Yesterday, I learned a fair amount from what appeared to be mainly mothers who commented in the aftermath of my post on Baby’s First Foods – When and What, in addition to Ann Marie Michaels post  When to Feed Baby: Why Start Solids at 4 to 6 Months published on her  Cheeseslave blog.

While I interpreted some of the feedback directed at Ann Marie as harsh and challenging for me to read, I took away the following I wanted to share:

Cereal.  While cereal is the most often recommended early weaning food, no one seemed to protest that we recommended egg yolk, liver and cod liver oil instead.  The debate seemed to be centered on when.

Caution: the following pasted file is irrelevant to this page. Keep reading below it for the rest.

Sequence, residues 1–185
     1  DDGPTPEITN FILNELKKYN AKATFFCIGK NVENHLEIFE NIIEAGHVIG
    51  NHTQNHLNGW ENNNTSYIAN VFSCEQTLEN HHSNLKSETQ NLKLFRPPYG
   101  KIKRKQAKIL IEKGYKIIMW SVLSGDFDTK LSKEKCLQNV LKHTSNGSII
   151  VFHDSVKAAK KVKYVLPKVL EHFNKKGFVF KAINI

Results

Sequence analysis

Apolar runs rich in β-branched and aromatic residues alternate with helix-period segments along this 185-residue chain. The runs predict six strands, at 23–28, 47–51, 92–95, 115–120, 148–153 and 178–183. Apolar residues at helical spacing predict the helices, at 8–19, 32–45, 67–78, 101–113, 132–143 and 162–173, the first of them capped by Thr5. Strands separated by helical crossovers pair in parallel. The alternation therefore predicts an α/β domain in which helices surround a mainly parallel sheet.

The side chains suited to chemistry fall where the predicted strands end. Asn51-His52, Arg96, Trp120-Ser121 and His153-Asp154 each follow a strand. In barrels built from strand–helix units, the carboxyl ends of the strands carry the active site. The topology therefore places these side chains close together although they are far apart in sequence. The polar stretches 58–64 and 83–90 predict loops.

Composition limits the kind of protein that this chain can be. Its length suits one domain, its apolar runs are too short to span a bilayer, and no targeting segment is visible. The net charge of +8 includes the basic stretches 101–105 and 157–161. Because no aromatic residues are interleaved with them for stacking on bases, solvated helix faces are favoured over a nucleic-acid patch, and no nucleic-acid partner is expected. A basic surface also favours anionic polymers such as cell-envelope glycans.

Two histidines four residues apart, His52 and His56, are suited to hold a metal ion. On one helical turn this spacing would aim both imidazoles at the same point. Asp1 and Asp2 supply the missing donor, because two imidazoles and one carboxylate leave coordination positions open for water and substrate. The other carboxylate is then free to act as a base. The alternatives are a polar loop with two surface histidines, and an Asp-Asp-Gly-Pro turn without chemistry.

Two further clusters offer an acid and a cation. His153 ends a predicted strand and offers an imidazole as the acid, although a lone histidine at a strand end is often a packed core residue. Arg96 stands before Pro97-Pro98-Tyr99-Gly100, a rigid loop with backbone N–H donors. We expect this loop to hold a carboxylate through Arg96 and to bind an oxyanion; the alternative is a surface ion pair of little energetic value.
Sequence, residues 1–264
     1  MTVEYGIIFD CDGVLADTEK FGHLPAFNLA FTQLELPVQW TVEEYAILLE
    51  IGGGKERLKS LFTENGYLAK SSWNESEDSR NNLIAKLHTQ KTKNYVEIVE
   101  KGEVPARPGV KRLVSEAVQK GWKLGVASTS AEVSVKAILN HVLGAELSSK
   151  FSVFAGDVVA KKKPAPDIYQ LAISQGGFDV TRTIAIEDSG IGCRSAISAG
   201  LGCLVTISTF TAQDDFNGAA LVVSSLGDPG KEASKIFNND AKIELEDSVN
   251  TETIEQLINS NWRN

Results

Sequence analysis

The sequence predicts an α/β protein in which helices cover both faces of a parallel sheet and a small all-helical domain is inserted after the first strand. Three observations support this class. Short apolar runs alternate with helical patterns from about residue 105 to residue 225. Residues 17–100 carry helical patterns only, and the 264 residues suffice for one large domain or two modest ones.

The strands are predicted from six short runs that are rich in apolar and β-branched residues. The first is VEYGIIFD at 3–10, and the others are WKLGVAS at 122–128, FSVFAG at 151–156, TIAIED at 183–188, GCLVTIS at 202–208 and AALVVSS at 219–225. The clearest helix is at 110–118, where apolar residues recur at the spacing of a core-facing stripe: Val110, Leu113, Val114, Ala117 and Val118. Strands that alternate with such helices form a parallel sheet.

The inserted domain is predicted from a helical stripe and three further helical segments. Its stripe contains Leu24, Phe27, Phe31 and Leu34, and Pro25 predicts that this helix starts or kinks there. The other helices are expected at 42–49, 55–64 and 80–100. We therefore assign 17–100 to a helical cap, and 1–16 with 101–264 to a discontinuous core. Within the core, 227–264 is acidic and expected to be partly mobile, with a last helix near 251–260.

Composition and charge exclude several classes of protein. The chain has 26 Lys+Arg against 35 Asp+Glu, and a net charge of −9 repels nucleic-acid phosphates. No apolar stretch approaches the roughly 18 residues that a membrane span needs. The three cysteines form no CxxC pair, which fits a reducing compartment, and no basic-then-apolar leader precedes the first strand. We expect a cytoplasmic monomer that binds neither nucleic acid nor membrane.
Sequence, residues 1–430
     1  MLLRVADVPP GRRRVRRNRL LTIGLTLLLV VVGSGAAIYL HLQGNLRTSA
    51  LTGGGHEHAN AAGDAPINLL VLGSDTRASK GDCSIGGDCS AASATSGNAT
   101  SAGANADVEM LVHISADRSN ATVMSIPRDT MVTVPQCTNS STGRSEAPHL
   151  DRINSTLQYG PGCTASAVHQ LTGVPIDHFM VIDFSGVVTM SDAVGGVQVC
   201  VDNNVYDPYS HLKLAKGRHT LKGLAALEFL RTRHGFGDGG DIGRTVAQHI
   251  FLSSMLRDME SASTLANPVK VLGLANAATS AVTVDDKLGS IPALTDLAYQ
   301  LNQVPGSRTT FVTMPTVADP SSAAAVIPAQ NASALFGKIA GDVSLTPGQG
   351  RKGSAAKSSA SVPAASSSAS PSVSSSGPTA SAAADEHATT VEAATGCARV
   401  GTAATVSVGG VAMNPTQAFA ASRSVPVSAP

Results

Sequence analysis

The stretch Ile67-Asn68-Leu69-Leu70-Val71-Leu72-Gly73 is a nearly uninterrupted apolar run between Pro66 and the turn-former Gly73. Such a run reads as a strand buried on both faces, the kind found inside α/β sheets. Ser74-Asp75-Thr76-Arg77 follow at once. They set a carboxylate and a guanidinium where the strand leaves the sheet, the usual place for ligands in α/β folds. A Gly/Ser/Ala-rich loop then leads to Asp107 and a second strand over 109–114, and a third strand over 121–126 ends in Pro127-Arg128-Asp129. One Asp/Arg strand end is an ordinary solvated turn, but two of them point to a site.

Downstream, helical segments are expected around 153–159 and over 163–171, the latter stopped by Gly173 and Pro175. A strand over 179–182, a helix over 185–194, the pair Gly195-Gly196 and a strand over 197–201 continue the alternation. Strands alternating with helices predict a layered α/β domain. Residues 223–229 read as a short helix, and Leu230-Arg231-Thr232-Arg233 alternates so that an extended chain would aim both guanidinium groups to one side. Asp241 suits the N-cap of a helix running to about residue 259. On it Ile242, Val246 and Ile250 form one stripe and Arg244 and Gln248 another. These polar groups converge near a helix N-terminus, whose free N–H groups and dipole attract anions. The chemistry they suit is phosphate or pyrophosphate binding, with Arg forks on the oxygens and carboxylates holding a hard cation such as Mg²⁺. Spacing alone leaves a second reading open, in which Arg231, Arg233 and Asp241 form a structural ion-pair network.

Development vs. Calendar.  One mother commented, “I would really like to stress that one should watch the baby, not the calendar.” From the feedback I read on Facebook and in the comments on the two posts, it is clear to me that some babies are ready for solids as early as 4 months and some are not really in earnest until one year.  They simply aren’t interested or physically prepared.  Some vomited the recommend pastured egg yolks they were given time and again, and only in their own time were ready to receive them … and even ask for them as they grew!  So perhaps it would beehove us to recommend that parents be aware that babies may be ready as early as 4 months, but that for some the recommendation to introduce solids 6 months is simply not apropos because baby isn’t ready or willing.  I like the notion of recommending that babies be introduced to solids such as egg yolk, liver and cod liver oil by 6 months but, if they aren’t ready, they aren’t ready.  Just honor that and try again in a week or two …  or more, for some it was months.  All along, mothers are encouraged to follow this Recommended Diet for Pregnant and Nursing Mothers.